5 items from 2016
The original “24” series starring Kiefer Sutherland officially turned 15 years old this month, and in honor of the milestone, TheWrap took a look back at the hit drama shot in real time. Sandy Grushow, the former chairman of the Fox Television Entertainment Group, explained how he helped bring the show to air — and revealed how it almost didn’t happen. From initial cost concerns to airing a show about terrorism after 9/11, what is now considered a modern classic nearly didn’t come to pass. Read Grushow’s story below. A Strong Beginning “It’s a great example »
- Joe Otterson
Fifteen years ago, on Nov. 6, 2001, “24” premiered on Fox. It was less than two months after the terrorist attacks of Sept. 11, and the country was still grieving, perhaps craving a series where the U.S. was, at the end of the day, victorious against the forces of terrorism.
The format was unlike anything that had been done before: Each of the 24 episodes of the season would occur in “real time,” totaling up to a very, very long day for protagonist Jack Bauer (Kiefer Sutherland).
But “24” co-creator Joel Surnow wasn’t sure the audience would bite. “Real time was an unproven concept,” Surnow wrote to Variety. “We had no idea if it would have the desired effect — which was to create a heightened sense of urgency. We couldn’t even gauge it when the picture was cut together. It wasn’t until the final mixing session — with all the music and effects in — that we saw what this show »
- Oriana Schwindt
NBC isn't the only network trying to make it 2006 again through science or magic. At the TCAs today, Fox announced it would be bringing back two of its biggest Bush-administration hits in new forms. 24 will be revived as 24: Legacy, a new pilot the network has ordered that follows a new generation of agents at the Counter Terrorism Unit. The series will continue the same real-time format as the original 24, telling the story of "a military hero’s return to the U.S. and the trouble that follows him back." According to Fox head Dana Walden, the sequel series will explore contemporary themes like "sleeper cells and [terror organizations] radicalizing Americans." No leads have yet been cast, and the network says that, should the pilot go to series, characters from the first 24 may pop up eventually. Prison Break, meanwhile, will return as an "event series," with original leads »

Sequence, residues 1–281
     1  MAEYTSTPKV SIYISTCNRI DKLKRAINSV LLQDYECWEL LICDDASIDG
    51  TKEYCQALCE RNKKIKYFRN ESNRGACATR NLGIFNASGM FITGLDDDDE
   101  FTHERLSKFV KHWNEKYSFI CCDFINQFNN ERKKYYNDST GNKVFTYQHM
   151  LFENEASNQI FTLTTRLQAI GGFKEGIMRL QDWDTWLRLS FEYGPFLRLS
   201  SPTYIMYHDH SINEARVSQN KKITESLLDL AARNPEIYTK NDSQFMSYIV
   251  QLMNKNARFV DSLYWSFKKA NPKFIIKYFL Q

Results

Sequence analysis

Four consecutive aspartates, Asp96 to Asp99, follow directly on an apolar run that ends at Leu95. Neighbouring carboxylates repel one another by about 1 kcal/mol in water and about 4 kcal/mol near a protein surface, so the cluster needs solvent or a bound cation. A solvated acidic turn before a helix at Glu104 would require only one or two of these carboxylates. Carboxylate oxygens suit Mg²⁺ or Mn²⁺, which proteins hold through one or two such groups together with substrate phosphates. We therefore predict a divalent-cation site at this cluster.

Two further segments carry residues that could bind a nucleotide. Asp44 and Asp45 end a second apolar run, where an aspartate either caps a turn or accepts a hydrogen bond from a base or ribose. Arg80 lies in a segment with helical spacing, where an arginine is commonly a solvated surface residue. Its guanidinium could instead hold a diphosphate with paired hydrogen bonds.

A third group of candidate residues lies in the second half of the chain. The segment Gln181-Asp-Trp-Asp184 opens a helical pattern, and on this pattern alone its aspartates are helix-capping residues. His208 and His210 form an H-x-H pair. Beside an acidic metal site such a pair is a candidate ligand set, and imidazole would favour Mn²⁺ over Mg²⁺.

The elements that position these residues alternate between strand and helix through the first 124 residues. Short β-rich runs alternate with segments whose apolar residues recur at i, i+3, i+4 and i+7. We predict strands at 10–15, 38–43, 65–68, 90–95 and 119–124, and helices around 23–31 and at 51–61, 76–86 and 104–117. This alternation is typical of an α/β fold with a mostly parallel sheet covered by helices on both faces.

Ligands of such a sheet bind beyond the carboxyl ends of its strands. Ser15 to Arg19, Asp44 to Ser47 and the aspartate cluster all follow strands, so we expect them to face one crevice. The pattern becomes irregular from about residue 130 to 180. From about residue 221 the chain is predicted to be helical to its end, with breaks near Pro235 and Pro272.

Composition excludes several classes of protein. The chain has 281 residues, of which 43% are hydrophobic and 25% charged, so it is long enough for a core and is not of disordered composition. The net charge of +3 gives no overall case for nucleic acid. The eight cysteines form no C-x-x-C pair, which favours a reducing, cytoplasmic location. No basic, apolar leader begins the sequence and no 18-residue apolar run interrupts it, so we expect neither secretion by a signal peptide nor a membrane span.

- Nate Jones
Fox is pushing forward with a soft reboot of its real-time action series "24," which plans to adopt the same structure and style of the earlier show but with a brand new cast. Details were announced by the network at the Television Critics Association press tour, where Fox brass confirmed that series stalwart Kiefer Sutherland will not be a part of the cast. That may come as a surprise considering the 2014 event series "24: Live Another Day" scored rave reviews.
24: Legacy will instead “revolve around a military hero’s return to the U.S. and the trouble that follows him back – compelling him to ask CTU for help in saving his life, and stopping what potentially could be one of the largest-scale terror attacks on American soil.”
The hero is a twenty-something named Eric Carter, who is described in the pilot script as an African American, but according to Deadline »
- Gem Seddon
Remember back in September, when TVLine reported that "24" vet Xander Berkeley would be joining The Walking Dead in an unspecified role in the second half of Season 6 (which begins Feb. 14)? Now we can exclusively reveal whom he’ll be playing — and, in short, his character is bad news.
The veteran actor will be bringing to weaselly life Gregory, who, according to Robert Kirkman’s comic-book source material, is the leader of the Hilltop Colony, a coward to the core and a total nightmare for Maggie and Rick. Just how awful is the villain? »
5 items from 2016
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